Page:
Brookfield 3 (or is that 8?): Teaching in Diverse Classrooms

Following hot on the heels of my comments on Chapters 1 and 2 of the third edition of Brookfield’s “The Skillful Teacher” book, something struck me in Chapter 8 (Chapter 9 in the second edition), wherein Brookfield addresses some of the issues around teaching to a non-homogeneous group of students, that I just couldn’t let go: the casual mention of “learning styles” (Brookfield, 2015, p. 104).

I’ve already harped on the problems with the concept of ‘Learning Styles’ in a previous post so I won’t entirely reiterate the issues I have with it here.  What I would like to address to Brookfield’s credit is that he does propose that mixing modalities – using different techniques and attempting to engage as many senses as possible during learning – as “the most obvious response to encountering educational diversity” (2015, p. 105).  While I might not agree with his reasoning as it relates to the assumption that “learning styles” are a Real Thing, his suggestion to mix many different techniques and try to access as many different modalities/senses as possible when teaching is something I try to do in my own classrooms.

When I first started teaching I relied heavily on the influence of my own instructors, and was primarily lecturing to students, with lots of words on my Powerpoint slides.  I have however been moving towards including more group work, adding more images to and removing more text from my presentations, and including more exercises in which students produce visual representations of major concepts.  The possible danger I see now is that I enjoy some of these so much that I may be in danger of tipping the scales too far in the other direction!  I find myself trying to balance group and individual work, oral and visual information and exercises, experimental or experiential and observational activities… I’m not sure there is a perfect ‘balance point’ to be found, but I have the impression that as long as there is a mixture of approaches and activities to be had in class that students who particularly enjoy one or another approach can adapt the material presented to their preferences on their own as well.  Based on student feedback, some students certainly like some activities more than others, but on the whole as long as there’s something for everyone the students seem to recognize that it’s all done for their benefit and they’re generally game to play along.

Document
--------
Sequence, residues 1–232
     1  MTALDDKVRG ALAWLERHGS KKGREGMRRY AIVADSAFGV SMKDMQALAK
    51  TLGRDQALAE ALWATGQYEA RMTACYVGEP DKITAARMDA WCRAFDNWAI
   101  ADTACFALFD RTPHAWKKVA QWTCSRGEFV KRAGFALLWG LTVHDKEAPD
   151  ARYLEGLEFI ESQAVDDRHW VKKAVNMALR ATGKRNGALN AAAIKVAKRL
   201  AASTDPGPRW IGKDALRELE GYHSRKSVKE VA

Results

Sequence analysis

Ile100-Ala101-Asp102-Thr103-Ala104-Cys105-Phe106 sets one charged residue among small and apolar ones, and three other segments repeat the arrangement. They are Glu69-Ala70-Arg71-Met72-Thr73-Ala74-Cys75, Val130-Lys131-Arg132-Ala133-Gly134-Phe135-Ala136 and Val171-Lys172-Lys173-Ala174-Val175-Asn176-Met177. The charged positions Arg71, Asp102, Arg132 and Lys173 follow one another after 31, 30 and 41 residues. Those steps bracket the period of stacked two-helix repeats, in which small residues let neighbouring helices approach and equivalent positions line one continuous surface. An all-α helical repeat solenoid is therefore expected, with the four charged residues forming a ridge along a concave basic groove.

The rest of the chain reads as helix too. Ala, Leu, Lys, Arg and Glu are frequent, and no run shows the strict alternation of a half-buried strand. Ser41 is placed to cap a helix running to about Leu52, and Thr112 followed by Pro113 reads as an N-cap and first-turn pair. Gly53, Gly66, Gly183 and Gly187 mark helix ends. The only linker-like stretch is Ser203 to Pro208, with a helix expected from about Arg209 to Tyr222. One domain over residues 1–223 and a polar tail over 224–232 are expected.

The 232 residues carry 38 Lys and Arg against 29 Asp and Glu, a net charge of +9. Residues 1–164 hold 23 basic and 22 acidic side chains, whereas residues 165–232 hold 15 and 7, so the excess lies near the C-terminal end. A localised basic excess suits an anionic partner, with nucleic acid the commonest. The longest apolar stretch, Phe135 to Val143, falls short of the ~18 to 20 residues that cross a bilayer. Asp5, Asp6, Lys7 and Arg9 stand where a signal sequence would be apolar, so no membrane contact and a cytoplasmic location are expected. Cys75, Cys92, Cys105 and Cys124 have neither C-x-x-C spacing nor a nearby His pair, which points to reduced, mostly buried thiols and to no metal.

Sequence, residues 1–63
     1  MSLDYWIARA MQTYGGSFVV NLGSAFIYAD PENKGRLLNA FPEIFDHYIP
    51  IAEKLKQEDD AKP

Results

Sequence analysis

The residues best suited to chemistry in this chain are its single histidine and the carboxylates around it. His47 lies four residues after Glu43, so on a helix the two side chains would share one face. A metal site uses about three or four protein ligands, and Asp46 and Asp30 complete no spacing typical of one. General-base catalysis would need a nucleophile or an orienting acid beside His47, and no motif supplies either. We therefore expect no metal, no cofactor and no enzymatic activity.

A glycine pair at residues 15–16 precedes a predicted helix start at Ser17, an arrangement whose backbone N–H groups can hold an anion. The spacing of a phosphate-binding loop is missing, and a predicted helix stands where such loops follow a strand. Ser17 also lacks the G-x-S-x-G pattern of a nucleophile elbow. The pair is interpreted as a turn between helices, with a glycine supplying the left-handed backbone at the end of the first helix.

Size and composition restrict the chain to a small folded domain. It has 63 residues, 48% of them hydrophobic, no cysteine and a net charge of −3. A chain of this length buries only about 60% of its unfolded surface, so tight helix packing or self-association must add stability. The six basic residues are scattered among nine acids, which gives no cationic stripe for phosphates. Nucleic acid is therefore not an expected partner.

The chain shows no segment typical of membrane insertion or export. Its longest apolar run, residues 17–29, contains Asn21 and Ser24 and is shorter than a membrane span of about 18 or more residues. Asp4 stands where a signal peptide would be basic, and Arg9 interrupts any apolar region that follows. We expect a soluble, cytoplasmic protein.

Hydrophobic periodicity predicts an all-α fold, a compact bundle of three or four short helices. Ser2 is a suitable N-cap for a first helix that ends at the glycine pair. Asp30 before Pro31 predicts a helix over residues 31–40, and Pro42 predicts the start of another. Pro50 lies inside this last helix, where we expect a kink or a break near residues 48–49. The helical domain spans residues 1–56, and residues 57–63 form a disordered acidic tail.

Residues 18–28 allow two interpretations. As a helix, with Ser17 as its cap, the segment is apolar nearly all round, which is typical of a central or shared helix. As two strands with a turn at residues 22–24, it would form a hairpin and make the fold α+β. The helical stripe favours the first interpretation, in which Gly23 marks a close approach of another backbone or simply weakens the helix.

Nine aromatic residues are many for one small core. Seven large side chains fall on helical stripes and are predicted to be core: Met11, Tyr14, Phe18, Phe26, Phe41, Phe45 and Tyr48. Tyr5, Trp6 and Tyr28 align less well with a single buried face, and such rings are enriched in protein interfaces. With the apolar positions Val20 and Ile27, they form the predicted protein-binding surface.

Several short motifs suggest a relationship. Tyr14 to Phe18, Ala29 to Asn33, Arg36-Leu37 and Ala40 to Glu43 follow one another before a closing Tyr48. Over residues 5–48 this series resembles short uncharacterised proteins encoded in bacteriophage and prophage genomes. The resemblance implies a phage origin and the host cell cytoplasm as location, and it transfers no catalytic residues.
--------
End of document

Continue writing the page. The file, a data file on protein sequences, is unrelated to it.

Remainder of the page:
Which brings me back to waaaay back in Chapter 2, where I noted that Brookfield identified the importance of instructors being trustworthy, respectful and honest with students.  While presenting material in a variety of ways may be helpful and conducive to learning, such variety won’t be of much use if students don’t see the utility in it, or if it isn’t done in a respectful and open way.  Although apparently lacking from the third edition (!), in the second edition of his book Brookfield in Chapter 9 (“Teaching in Diverse Classrooms”) does link these ideals with addressing the issues around diversity by recognizing that, for example, having students occasionally speak out loud in class so that they are “listened to and responded to seriously by a teacher” (Brookfield, 2006, p. 168) shows respect for students, while fostering trustworthiness in the classroom can be done in part by providing clear directions whose justification is apparent to students (Brookfield, 2006, p. 170), and/or by providing teacher demonstrations that model expected behaviour (Brookfield, 2006, p. 165).

The main point of all this for me is that a diversity of approaches in the classroom is great! But that diversity should be accompanied by thoughtful rationale.  Pursuing variety just for variety’s sake risks the loss of student trust to a needlessly eccentric instructor.  Instead we should aim to censure that students understand right from the start the point of all this variety and ‘mixing modalities’ in a classroom, so they’ll be most willing to participate and ultimately get the most out of their instructor’s attempts to help them learn.

References

Brookfield, S.D. (2006) The skillful teacher: On technique, trust, and responsiveness in the classroom (2nd ed.). San Francisco, CA : Jossey-Bass.

Brookfield, S.D. (2015) The skillful teacher: On technique, trust, and responsiveness in the classroom (3rd ed.). San Francisco, CA : Jossey-Bass.

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